Change Is Good

If working out is getting boring, learn to improvise and you'll fall in love with exercise again.

Change Is Good
Pin it Ian Logan

Spinning & Cycling
The easiest way to reinvigorate a Spinning routine is to take it outdoors. But be prepared, says Thomas Chapple (, a cycling and triathlon coach in Mountain View, Calif. "It's a different environment with additional hazards, so pay attention," he says. A few safety tips: Know how to brake and how much distance you need to stop. Learn riding etiquette so you can navigate traffic safely. And know your limits. "If you've been riding indoors for 45 to 60 minutes, don't head out in one direction for two hours," says Chapple, who also advises bringing your cell phone, cash, and ID.

Once you feel comfortable outdoors, you can work with different intensities, cadences, and terrains. A simple improvisation technique is to vary your route and add hills. You can also try cadence drills, which means pedaling at either higher- or lower-than-usual revolutions per minute (RPM). If you normally ride in a moderately hard gear, lighten up the resistance by riding in an easier gear, suggests Chapple, who is also author of Base Building for Cyclists (VeloPress, 2006). "Try to be smooth in your pedal stroke. Don't bounce in the saddle, and keep your upper body relaxed." To do the opposite--pedal at a lower cadence--head for a moderate hill and use harder gears. Doing this for one or two minutes at lower-than-usual RPM builds leg strength.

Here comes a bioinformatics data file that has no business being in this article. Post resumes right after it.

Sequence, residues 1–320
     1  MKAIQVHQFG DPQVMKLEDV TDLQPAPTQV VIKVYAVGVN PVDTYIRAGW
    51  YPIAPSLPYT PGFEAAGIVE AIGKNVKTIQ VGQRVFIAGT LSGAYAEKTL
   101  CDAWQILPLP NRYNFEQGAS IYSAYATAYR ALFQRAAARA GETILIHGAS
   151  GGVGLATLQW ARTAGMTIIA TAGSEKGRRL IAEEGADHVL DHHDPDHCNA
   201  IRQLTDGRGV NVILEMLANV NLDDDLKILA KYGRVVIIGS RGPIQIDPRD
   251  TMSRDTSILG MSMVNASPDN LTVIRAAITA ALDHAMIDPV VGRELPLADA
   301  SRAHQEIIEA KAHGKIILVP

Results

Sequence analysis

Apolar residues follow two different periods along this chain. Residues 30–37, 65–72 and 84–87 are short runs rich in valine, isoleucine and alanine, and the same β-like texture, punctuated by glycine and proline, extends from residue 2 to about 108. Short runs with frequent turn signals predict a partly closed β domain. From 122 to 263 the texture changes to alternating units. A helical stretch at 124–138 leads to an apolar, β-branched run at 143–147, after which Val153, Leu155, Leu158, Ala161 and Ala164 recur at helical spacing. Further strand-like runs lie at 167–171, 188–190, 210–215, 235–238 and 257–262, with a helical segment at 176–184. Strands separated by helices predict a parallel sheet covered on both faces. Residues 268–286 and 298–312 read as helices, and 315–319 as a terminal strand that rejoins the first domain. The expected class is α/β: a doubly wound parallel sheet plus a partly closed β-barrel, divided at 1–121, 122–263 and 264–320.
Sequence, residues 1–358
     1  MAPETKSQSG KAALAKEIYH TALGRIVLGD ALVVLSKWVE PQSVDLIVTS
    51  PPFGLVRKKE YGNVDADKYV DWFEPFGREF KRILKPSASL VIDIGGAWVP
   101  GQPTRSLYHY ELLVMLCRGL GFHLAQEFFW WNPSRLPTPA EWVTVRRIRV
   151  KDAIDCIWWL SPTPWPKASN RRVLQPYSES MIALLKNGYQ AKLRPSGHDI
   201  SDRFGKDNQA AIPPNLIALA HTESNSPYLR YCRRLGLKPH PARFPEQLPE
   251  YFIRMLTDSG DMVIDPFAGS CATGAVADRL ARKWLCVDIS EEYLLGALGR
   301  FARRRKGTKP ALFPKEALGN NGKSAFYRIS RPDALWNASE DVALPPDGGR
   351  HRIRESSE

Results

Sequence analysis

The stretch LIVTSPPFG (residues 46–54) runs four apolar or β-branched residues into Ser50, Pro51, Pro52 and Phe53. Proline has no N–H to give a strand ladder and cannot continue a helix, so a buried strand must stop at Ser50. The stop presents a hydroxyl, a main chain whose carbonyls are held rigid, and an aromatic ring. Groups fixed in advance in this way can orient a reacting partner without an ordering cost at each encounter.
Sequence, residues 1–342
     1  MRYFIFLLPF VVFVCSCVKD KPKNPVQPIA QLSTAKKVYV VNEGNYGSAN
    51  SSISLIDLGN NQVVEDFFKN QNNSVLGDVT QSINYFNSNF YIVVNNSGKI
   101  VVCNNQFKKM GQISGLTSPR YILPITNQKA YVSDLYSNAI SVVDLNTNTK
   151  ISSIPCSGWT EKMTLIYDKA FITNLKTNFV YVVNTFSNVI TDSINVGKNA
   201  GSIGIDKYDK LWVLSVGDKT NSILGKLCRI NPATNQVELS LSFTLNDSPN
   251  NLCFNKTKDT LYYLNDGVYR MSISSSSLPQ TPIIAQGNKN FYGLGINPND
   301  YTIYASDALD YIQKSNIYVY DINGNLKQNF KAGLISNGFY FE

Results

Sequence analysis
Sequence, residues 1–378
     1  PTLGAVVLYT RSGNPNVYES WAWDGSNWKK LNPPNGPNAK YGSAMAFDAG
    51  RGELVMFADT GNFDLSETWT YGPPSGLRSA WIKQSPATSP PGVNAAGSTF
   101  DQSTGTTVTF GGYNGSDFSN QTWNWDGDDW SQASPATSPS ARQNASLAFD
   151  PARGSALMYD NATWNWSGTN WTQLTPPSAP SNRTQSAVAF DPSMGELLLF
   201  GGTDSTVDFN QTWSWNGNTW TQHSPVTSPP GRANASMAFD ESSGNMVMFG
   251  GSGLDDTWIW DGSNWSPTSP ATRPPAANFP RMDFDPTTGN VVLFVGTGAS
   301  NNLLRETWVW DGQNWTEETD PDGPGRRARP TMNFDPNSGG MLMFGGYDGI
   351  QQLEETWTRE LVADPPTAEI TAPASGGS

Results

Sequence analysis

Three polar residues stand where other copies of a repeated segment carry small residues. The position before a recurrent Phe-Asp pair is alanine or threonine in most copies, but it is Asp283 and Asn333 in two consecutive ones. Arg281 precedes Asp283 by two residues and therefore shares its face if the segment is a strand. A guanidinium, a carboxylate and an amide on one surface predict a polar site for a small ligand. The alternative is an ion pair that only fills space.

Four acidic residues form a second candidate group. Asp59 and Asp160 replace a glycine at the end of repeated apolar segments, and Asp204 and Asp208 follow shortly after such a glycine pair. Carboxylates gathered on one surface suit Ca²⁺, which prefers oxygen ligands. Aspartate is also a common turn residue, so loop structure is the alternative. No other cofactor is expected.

To play with intensity, push your pace into various zones. For the bulk of your ride, cycle at a pace easy enough to carry on a conversation. But every so often, pick up the pace until it is comfortably hard. Do intervals--ride five minutes at a comfortably hard pace, then ease up for 10 minutes, then go faster for five minutes. Says Chapple: "Varying the workouts keeps them interesting and creates different stimulations."